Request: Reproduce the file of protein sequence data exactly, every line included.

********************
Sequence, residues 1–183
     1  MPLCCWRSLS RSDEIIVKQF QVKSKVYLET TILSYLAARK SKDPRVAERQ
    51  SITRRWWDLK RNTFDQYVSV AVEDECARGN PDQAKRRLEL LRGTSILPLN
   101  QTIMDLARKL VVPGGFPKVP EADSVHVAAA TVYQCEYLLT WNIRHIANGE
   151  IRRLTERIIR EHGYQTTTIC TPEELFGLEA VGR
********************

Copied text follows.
Sequence, residues 1–183
     1  MPLCCWRSLS RSDEIIVKQF QVKSKVYLET TILSYLAARK SKDPRVAERQ
    51  SITRRWWDLK RNTFDQYVSV AVEDECARGN PDQAKRRLEL LRGTSILPLN
   101  QTIMDLARKL VVPGGFPKVP EADSVHVAAA TVYQCEYLLT WNIRHIANGE
   151  IRRLTERIIR EHGYQTTTIC TPEELFGLEA VGR